The 1st thesis also leaves open the question whether God may speak to humankind part from and besides through his Word as it is heard by the church. The thesis merely objects to “events and powers, figures and truths” that claim to be, besides Jesus Christ, sources of the church’s proclamation as God’s revelation. It does not deny that there may be “events and powers, figures and truths” and that God may reveal himself in them. Karl Barth said: “God can speak to us through Russian communism, a flute concert, a flowering shrub, or a dead dog”. He can do it through “heathens and atheists”.11 For the one Word of God is not imprisoned in the witness of the Bible or in our faith. Rather, it is to be understood as the expression of God himself. It is “his own Word” (thesis 6) that precedes all human witness to it. It is the revelation of God, who is and has been ever-present in his invisibility and in the power of his Spirit to the entire world.

Therefore, we can witness this presence everywhere from out our understanding in faith. However, we do not have the right to shape just any image of God for ourselves out of the diversity of human experiences of God and forcefully apply that image to others. The result of such an application was seen in the appalling example of the “German Christians”. In hearing the one Word of God we can never do without a critical examination of all extra-Christian experiences of God and claims of truth. On the other hand, we have to keep an open mind regarding encounters with reflections of the one Word of God outside the Christian church. This is an important consideration today when the dialogue of religions has become an imperative challenge for the sake of peace on earth.


The one Word of God is a concrete word. It has something particular to say. It is only because of this that it concerns us. However, we notice that the Barmen Declaration contains few words on this concretisation of the Word. What is basically said is that it is the Word of the forgiveness of sins (thesis 2) and thus of the “free grace” of God (thesis 6). With the state in view, the 5th thesis also points to “the Kingdom of God, God’s commandment and righteousness” without being any more explicit. Without doubt, this retentiveness in further defining the one Word of God has as its reason the necessity of the churches in 1934 to concentrate on hearing this Word at all. Therefore, it was sufficient to point out the decisive fact that, if the church hears the Word of God, then freedom of sin, which destroys the relationship with God and human relationships with each other, becomes the starting point of its very existence.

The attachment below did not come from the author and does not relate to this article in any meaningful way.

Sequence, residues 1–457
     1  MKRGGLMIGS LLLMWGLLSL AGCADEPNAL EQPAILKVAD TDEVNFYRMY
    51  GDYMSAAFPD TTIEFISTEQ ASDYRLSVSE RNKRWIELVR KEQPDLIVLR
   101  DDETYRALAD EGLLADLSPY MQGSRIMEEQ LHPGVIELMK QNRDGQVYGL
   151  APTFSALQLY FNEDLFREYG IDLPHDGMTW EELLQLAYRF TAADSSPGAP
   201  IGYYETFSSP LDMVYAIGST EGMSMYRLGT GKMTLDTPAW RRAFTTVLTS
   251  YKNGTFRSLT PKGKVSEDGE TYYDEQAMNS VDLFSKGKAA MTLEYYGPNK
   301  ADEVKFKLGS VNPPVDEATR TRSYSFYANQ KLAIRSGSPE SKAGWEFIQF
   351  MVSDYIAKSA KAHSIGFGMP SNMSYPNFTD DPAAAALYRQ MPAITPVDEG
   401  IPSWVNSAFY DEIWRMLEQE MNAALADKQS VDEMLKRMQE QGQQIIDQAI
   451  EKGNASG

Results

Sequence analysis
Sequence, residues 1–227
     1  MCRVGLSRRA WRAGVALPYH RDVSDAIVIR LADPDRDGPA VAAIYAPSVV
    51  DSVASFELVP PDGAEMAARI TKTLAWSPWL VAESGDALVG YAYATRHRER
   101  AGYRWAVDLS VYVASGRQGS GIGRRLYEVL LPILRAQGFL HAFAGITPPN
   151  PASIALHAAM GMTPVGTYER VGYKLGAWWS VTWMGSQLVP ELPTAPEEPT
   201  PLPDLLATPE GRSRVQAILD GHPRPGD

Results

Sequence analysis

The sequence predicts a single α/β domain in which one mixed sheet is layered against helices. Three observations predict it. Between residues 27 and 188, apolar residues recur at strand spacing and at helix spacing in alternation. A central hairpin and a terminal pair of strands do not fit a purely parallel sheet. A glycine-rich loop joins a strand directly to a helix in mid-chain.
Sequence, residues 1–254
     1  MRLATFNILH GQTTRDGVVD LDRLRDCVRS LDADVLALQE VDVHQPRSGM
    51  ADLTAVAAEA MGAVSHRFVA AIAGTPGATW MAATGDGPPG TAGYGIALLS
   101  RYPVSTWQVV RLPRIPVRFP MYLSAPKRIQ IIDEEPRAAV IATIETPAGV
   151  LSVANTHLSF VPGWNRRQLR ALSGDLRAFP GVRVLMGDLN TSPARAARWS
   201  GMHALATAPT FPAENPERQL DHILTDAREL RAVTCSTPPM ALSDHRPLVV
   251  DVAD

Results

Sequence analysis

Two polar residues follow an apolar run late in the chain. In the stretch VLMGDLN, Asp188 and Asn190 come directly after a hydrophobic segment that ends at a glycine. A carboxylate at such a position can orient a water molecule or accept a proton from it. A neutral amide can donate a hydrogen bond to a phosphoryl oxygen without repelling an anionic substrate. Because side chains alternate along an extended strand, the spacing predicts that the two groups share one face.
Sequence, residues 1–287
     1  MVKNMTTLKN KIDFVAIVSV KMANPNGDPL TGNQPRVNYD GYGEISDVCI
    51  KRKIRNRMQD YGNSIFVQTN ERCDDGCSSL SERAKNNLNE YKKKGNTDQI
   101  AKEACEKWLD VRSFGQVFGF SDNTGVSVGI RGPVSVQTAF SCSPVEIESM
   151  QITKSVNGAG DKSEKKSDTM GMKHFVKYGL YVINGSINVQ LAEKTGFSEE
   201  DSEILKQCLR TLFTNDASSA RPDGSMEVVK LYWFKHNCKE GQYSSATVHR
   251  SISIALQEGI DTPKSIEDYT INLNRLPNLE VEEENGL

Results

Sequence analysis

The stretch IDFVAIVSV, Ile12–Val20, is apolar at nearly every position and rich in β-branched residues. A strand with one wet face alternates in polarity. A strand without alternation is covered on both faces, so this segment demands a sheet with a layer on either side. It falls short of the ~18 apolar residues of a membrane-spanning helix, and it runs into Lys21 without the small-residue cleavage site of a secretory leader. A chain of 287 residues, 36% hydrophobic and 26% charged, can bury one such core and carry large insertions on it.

The Barmen Declaration gains its dynamic profile by taking this experience of freedom as an obligation to act in a specific way. The 2nd thesis says: “The assurance of the forgiveness of all our sins” turns into “God’s claim upon our whole life”. This statement also allows for an understanding with a different accent. Most of the members of the Barmen synod may have understood this in the sense of the tertius usus legis (the third use of the law). The justification of the sinner by God has to be followed by sanctification of our actions according to the will of God. This is not wrong. However, the statement that it is the will of God that the claim of Jesus Christ is valid for “all areas in our life” then has been and today still is problematic (for many theologians): Does this not mean that the Gospel is declared law? Can Jesus Christ give directions for social politics, for the economy and for scientific procedures?

Here too we need to closely read the declaration. In the 2nd thesis it says: Through the claim of Jesus Christ “through him there comes to us joyful liberation from the godless ties of this world for free, grateful service to his creatures”. The emphasised use of the word family freedom stands out in this passage. “Joyful liberation” must lead to “free, grateful service”. Liberation here means to be free of the “godless ties” of this world. And the latter means all that we encounter in this world and from this world claiming to be God’s ties.12 Nothing in this world is worth tyingourselves to as to God; neither society, nor politics, not the economy, nor science.